Therefore you also must be ready, for the Son of Man is coming at an unexpected hour.
– Matt 24:44 +INPFSS+
The Son of Man is coming. The Lord is coming.
This is the motto of Advent. The Lord is coming.
It’s a bit of a funny phrase – a funny idea, when you think about it.
Because we know that the Lord is with us. At every level. God is everywhere -- omnipresent. God the Son is holding together every atom of the universe, And the Holy Spirit actually lives within us.
So how can we then speak about his coming? What meaning does this have, if he's already here? And why talk about it now, in preparation for Christmas?
These are the questions I wish to explore this morning.
Let’s start with a definition of terms: ‘Advent’ means ‘coming’, so there’s our first clue.
And when we understand what actually happened on that first Christmas Day, we see that it is God’s coming to earth. The unseen God of the Universe, coming down from the realms of uncreated light, through the dimensions down to time and space, and taking on human flesh and a human nature. God CAME to earth.
As Christians we can treat this as a common-place. But it is anything but. We can’t even conceive of the magnitude of God’s descent in this first coming. Infinity dwindled to infancy, to steal a line from the poet Hopkins. Imagine a Man becoming an ant, and taking on all the perils of ant-life. And now extend that descent a million steps further.
God CAME to earth.
For thousands of years before that first Christmas, ever since the tower of Babel, mankind had been building temples with the hope of reaching God in heaven. All for naught of course. But now God has come down to our earth. We don’t have to reach up for him, he has reached down for us.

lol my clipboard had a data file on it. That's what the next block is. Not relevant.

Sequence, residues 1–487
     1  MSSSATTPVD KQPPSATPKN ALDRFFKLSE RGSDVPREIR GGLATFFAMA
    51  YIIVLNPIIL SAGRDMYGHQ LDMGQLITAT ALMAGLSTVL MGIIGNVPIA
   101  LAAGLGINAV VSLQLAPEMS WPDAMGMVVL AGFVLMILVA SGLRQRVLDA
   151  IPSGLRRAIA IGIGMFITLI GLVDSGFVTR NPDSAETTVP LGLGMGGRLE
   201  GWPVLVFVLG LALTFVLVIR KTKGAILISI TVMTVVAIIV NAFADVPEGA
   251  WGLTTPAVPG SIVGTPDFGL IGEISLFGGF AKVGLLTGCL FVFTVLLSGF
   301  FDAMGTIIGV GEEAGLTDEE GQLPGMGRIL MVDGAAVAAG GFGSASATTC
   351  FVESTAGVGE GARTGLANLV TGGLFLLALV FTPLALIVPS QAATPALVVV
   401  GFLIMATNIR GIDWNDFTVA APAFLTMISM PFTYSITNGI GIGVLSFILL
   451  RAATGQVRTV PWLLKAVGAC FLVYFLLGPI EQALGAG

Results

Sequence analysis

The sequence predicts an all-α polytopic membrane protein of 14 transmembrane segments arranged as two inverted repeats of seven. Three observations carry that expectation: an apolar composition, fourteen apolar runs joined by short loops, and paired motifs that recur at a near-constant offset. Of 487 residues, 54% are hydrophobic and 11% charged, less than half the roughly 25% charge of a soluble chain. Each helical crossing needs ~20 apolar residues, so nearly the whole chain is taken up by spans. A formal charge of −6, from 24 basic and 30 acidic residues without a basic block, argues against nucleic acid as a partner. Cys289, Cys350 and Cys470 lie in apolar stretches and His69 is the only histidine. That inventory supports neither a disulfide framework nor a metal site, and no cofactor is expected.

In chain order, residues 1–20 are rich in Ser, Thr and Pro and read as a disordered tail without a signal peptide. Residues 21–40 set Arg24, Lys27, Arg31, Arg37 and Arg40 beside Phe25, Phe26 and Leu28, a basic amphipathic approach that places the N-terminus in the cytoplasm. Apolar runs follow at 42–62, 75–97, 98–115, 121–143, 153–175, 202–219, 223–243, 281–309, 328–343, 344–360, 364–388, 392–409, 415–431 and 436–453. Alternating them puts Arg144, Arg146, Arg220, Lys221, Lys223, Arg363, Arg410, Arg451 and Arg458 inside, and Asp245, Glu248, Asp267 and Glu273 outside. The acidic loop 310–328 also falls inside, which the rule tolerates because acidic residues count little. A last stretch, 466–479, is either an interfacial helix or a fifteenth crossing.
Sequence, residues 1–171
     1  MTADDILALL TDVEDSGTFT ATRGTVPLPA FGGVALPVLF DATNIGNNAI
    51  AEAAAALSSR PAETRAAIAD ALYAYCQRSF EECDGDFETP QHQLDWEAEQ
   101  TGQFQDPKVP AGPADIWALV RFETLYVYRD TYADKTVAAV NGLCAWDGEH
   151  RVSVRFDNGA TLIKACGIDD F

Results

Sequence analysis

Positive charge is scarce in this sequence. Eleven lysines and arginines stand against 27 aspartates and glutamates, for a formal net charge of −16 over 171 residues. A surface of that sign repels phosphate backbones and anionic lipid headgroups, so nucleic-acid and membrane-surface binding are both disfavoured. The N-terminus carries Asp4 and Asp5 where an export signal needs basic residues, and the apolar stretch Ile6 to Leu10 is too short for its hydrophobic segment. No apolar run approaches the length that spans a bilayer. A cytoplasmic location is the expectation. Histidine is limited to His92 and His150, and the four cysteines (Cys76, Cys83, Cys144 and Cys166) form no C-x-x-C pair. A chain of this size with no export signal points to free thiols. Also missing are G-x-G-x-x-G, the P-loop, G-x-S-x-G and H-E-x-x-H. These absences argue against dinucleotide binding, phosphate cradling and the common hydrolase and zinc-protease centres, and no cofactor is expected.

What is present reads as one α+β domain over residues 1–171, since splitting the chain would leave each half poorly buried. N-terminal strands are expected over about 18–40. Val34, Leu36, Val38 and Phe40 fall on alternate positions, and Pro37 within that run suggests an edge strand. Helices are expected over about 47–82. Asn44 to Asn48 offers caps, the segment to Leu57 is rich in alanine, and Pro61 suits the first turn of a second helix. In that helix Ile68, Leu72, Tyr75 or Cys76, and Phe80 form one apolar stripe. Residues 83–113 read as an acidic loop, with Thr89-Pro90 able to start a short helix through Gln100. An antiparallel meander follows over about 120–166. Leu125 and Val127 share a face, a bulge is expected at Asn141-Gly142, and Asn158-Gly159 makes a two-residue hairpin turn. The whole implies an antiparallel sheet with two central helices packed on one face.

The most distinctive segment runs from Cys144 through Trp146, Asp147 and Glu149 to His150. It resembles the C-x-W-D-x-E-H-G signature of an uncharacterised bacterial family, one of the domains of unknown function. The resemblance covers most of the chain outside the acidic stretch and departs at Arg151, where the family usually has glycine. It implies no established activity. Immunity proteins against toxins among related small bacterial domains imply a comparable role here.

The one who made the earth was now crawling on it with human hands and feet.
And this shows us what is so unique about his first coming: He veiled his glory and his divinity under the cloak of his human nature. If you looked at the baby Jesus, you would never ever guess that he was God incarnate. He would have looked just like an ordinary baby. And for his whole life, with the exception of the transfiguration on mount carmel, the brilliance of his divine nature was kept hidden.
This is the powerful message of Philipians 2 right? The Son, though he was in the form of God, did not count equality with God a thing to be grasped, but emptied himself, by taking the form of a servant, being born in the likeness of men. And being found in human form, he humbled himself by becoming obedient to the point of death, even death on a cross.
So this is the first thing we mean when we speak of the Lord’s coming. His coming that already happened in the past, on the first Christmas.
And for the commemoration of this coming we do well to be ready. To get ourselves prepared. And this is what Advent is about. Making ourselves ready, for the feast of Christmas, on which we remember the Lord's first coming. If we don't make ourselves ready. If we don't use Advent as a preparation, then the Incarnation may just pass us by as just another materialistic day in America on which we gorged ourselves with food. Let's not let that happen.
Now, also, when we think of Christ’s coming in humility, as Christians reading the Bible, it reminds of something else. The SECOND coming that he promised. When he will come at the end of the ages.
The second coming is predicted in the Old Testament prophets – as they speak like we heard this morning from Isaiah – about a world with no war, and justice being established on the earth. And our Lord himself, in the passage we heard from the Gospel of Matthew – tells about his coming again. And St. Paul picks up on the theme when he writes to the Romans, “Salvation is nearer to us now than when we first believed.”
The second coming will be like the first coming, in that it will be God coming down to earth, once again. But there will be one big difference –
whereas the first coming was in humility. As a normal looking man, in one small corner of Palestine. The second coming will be in glory. The Lord in his resurrected, immortal body, full of glory and splendor will come back to the earth, and it will be like the sky – even the whole fabric of space-time – will be torn in half, and the whole world will see him at one and the same moment, and so the Great Final Judgment will commence.
The first coming, in the past, was in humility. The second coming, in the future, will be in great glory.
And this is why the readings leading up to and during Advent are about the SECOND coming.